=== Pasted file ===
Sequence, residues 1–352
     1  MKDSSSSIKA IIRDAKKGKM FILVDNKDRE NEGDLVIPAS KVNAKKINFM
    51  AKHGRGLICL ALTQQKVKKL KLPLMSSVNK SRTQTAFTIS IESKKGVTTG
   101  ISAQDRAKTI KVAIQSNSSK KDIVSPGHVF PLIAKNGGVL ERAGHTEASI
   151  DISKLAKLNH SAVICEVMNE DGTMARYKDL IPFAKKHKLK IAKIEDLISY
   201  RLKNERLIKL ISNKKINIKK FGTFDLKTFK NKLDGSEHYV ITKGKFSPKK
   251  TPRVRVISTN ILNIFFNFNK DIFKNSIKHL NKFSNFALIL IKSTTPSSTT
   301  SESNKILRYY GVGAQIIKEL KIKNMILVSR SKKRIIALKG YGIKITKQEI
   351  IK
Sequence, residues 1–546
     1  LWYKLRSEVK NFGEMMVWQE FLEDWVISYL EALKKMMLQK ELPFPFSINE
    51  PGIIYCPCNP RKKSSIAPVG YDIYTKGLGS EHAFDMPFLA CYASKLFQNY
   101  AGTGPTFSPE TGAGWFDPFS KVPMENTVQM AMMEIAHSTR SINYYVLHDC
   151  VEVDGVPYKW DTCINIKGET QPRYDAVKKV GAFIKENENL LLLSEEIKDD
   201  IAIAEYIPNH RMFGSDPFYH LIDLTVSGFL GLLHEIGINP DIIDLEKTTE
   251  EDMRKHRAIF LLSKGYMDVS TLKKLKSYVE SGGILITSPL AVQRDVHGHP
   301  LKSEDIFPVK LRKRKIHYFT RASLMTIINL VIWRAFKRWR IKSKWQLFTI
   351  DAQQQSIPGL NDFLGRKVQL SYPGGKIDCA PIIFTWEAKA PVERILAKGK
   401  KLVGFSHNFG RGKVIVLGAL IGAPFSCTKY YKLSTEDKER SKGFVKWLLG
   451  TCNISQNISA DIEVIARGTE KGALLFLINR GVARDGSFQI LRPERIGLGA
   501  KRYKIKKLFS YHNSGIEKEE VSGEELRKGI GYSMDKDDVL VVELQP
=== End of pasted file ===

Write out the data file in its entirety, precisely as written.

Sequence, residues 1–352
     1  MKDSSSSIKA IIRDAKKGKM FILVDNKDRE NEGDLVIPAS KVNAKKINFM
    51  AKHGRGLICL ALTQQKVKKL KLPLMSSVNK SRTQTAFTIS IESKKGVTTG
   101  ISAQDRAKTI KVAIQSNSSK KDIVSPGHVF PLIAKNGGVL ERAGHTEASI
   151  DISKLAKLNH SAVICEVMNE DGTMARYKDL IPFAKKHKLK IAKIEDLISY
   201  RLKNERLIKL ISNKKINIKK FGTFDLKTFK NKLDGSEHYV ITKGKFSPKK
   251  TPRVRVISTN ILNIFFNFNK DIFKNSIKHL NKFSNFALIL IKSTTPSSTT
   301  SESNKILRYY GVGAQIIKEL KIKNMILVSR SKKRIIALKG YGIKITKQEI
   351  IK
Sequence, residues 1–546
     1  LWYKLRSEVK NFGEMMVWQE FLEDWVISYL EALKKMMLQK ELPFPFSINE
    51  PGIIYCPCNP RKKSSIAPVG YDIYTKGLGS EHAFDMPFLA CYASKLFQNY
   101  AGTGPTFSPE TGAGWFDPFS KVPMENTVQM AMMEIAHSTR SINYYVLHDC
   151  VEVDGVPYKW DTCINIKGET QPRYDAVKKV GAFIKENENL LLLSEEIKDD
   201  IAIAEYIPNH RMFGSDPFYH LIDLTVSGFL GLLHEIGINP DIIDLEKTTE
   251  EDMRKHRAIF LLSKGYMDVS TLKKLKSYVE SGGILITSPL AVQRDVHGHP
   301  LKSEDIFPVK LRKRKIHYFT RASLMTIINL VIWRAFKRWR IKSKWQLFTI
   351  DAQQQSIPGL NDFLGRKVQL SYPGGKIDCA PIIFTWEAKA PVERILAKGK
   401  KLVGFSHNFG RGKVIVLGAL IGAPFSCTKY YKLSTEDKER SKGFVKWLLG
   451  TCNISQNISA DIEVIARGTE KGALLFLINR GVARDGSFQI LRPERIGLGA
   501  KRYKIKKLFS YHNSGIEKEE VSGEELRKGI GYSMDKDDVL VVELQP